HK and Cult Film News's Fan Box

Saturday, March 10, 2018

THE HAPPYS -- Movie Review by Porfle

I began my viewing of THE HAPPYS (2016) with both the best and worst of expectations. I knew I was going to be treading into chick-flick territory again, which can be daunting, but I also know that sometimes even films in that genre can turn out to be quite passable and, yes, even entertaining.

This one, saints be praised, falls squarely into the "yes, even entertaining" category.  I thought at first that it was going to be some kind of candy-coated farce with its Barbie-like heroine Tracy (Amanda Bauer) extolling the virtues of being the perfect wife and homemaker for her future husband Mark (Jack DePew) and positively beaming rainbow waves of happiness as her dollhouse world began to come together in pristine perfection.

But then this veneer of perfectness is tarnished, cracked, and finally shattered when she finds out Mark's gay (she walks in on him and another guy in their bed) and is only using her for a beard to preserve his budding acting career. 

And he's not even the good kind of gay like his out-of-closet friends, but the bad kind who denies his true self while having joyless, forced sex with Tracy, who is also denying her true self in ways that she has only begun to discover.

Their storybook neighborhood, Los Feliz (literal Spanish translation: "The Happys"), has its own dramas here and there, with the now aimless Tracy being drawn to some of her eccentric neighbors.  This includes a very reclusive young man named Sebastian (Rhys Ward), who never leaves the house and doesn't want to be touched (physically or emotionally). 

Naturally, they'll meet, touch, and enrich each other as we just knew they would, but even this comes with its dramatic conflicts.  Added to this is Tracy's growing friendship with a lunch-wagon guy (Arturo del Puerto) who sparks her romantic and culinary curiosity, and her continuing clashes with the equally-confused Mark which will lead to a catastrophic falling-out.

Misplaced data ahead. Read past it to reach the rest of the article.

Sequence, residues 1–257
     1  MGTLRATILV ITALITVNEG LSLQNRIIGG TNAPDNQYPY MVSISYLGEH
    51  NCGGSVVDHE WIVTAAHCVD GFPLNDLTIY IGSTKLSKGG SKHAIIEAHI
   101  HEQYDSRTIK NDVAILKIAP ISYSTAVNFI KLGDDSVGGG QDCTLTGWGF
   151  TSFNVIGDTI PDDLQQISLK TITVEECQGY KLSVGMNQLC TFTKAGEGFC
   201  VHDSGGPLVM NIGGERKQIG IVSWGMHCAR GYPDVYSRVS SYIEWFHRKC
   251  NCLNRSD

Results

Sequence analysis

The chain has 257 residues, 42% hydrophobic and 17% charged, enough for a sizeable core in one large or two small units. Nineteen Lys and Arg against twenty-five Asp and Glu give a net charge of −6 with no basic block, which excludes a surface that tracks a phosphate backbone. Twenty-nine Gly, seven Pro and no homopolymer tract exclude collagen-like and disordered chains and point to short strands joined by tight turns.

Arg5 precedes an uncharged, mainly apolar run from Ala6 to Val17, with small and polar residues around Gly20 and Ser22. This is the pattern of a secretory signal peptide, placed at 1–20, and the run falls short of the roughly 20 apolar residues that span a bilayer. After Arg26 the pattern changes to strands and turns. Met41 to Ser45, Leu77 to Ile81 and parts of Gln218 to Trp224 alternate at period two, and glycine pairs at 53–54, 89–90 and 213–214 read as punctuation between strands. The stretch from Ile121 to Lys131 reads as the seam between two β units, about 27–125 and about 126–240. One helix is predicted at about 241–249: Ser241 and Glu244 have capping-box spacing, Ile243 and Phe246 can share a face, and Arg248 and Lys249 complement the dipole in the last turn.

The initial feeling that THE HAPPYS is going to be a more fanciful romp carries over into the dramatic developments, making them much lighter and way less maudlin and cloyingly self-conscious than they might've been in other hands. 

Even when things are at their darkest, such as when Tracy and Mark's last painful attempt at sex turns into mutual accusations and contempt, writer-directors  Tom Gould and John Serpe (this is the feature debut for both) tread lightly and surefootedly.  In other words, the characters suffer just enough to get the point across without wallowing in bathos.  And that's a good thing.

The cast is excellent, including Janeane Garofalo as ex-child actress Luann, a sort of grounded free spirit who rents out most of the houses in the neighborhood while earnestly interacting with her tenants. 

One scene in which she's softly intoning some sage advice to Tracy ("Do no harm...listen to your spirit animal...") gave me a mysterious sort of flashback until I realized she was sounding just like the wise, big-sisterly character she voiced in the Disney dub of KIKI'S DELIVERY SERVICE. 

Other familiar faces in welcome bit parts include Cathy Ladman as the director of a film Mark's acting in and Melissa McBride (Carol from "The Walking Dead") as his bossy manager who contributes to his deathly fear of being "outed."

Just heavy enough to feel like it matters but light enough to not get bogged down in itself, THE HAPPYS is a straight-forward "finding yourself" tale that lets you like it instead of trying to force itself on you.  And best of all, it's even--yes--entertaining. 

Tech Specs
Runtime: 87min
Format: 1:78 HD
Sound: Dolby Sr.
Country: USA
Language: English
Genre: Comedy, Romance, Drama



No comments: